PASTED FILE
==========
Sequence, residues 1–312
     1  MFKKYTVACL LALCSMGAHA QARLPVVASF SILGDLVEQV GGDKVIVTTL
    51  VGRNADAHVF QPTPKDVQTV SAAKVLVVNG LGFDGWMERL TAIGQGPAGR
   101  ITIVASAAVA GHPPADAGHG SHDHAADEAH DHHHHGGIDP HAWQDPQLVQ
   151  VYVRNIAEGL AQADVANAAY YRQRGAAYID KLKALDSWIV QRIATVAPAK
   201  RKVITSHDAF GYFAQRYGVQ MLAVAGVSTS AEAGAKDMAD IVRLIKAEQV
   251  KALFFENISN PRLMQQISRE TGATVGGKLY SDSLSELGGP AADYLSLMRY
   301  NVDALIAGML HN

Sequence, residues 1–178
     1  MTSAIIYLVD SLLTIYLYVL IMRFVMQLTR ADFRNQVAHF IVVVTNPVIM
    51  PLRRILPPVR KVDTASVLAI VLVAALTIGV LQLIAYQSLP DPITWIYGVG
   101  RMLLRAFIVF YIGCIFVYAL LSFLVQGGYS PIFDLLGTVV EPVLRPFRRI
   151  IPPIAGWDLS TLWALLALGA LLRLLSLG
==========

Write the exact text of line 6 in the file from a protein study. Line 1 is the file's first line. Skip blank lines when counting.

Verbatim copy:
   201  RKVITSHDAF GYFAQRYGVQ MLAVAGVSTS AEAGAKDMAD IVRLIKAEQV